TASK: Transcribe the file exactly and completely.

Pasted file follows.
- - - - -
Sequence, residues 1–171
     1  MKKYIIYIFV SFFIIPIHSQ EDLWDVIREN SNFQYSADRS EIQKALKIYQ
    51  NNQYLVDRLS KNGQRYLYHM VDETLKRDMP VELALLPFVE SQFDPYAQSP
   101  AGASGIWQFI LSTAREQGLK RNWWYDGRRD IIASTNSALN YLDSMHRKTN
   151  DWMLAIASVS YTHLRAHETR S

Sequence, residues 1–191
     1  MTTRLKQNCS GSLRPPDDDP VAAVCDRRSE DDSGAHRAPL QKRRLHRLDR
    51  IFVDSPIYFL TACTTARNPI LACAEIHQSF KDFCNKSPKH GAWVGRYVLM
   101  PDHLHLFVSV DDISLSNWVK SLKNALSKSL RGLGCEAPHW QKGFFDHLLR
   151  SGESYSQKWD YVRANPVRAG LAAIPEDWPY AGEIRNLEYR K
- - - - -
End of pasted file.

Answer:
Sequence, residues 1–171
     1  MKKYIIYIFV SFFIIPIHSQ EDLWDVIREN SNFQYSADRS EIQKALKIYQ
    51  NNQYLVDRLS KNGQRYLYHM VDETLKRDMP VELALLPFVE SQFDPYAQSP
   101  AGASGIWQFI LSTAREQGLK RNWWYDGRRD IIASTNSALN YLDSMHRKTN
   151  DWMLAIASVS YTHLRAHETR S

Sequence, residues 1–191
     1  MTTRLKQNCS GSLRPPDDDP VAAVCDRRSE DDSGAHRAPL QKRRLHRLDR
    51  IFVDSPIYFL TACTTARNPI LACAEIHQSF KDFCNKSPKH GAWVGRYVLM
   101  PDHLHLFVSV DDISLSNWVK SLKNALSKSL RGLGCEAPHW QKGFFDHLLR
   151  SGESYSQKWD YVRANPVRAG LAAIPEDWPY AGEIRNLEYR K